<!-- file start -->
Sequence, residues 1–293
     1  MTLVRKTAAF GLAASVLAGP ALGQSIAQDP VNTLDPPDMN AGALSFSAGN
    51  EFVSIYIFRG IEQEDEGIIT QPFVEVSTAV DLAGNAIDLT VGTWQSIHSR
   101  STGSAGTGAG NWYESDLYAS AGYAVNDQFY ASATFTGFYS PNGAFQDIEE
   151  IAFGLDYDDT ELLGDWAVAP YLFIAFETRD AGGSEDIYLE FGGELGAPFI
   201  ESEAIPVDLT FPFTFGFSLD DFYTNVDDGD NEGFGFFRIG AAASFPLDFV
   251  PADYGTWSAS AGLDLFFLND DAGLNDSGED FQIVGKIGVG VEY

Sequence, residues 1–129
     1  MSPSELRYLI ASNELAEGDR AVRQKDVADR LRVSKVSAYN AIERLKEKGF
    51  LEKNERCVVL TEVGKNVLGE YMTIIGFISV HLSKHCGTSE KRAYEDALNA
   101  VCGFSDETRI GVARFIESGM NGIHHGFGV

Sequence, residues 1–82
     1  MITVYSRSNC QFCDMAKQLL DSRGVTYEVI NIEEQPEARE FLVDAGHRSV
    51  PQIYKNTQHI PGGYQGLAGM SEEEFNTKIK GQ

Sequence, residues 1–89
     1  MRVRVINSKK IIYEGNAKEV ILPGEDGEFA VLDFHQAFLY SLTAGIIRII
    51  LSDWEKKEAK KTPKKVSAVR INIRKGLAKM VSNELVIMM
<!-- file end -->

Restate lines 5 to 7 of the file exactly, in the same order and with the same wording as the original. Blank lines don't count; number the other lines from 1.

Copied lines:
   151  IAFGLDYDDT ELLGDWAVAP YLFIAFETRD AGGSEDIYLE FGGELGAPFI
   201  ESEAIPVDLT FPFTFGFSLD DFYTNVDDGD NEGFGFFRIG AAASFPLDFV
   251  PADYGTWSAS AGLDLFFLND DAGLNDSGED FQIVGKIGVG VEY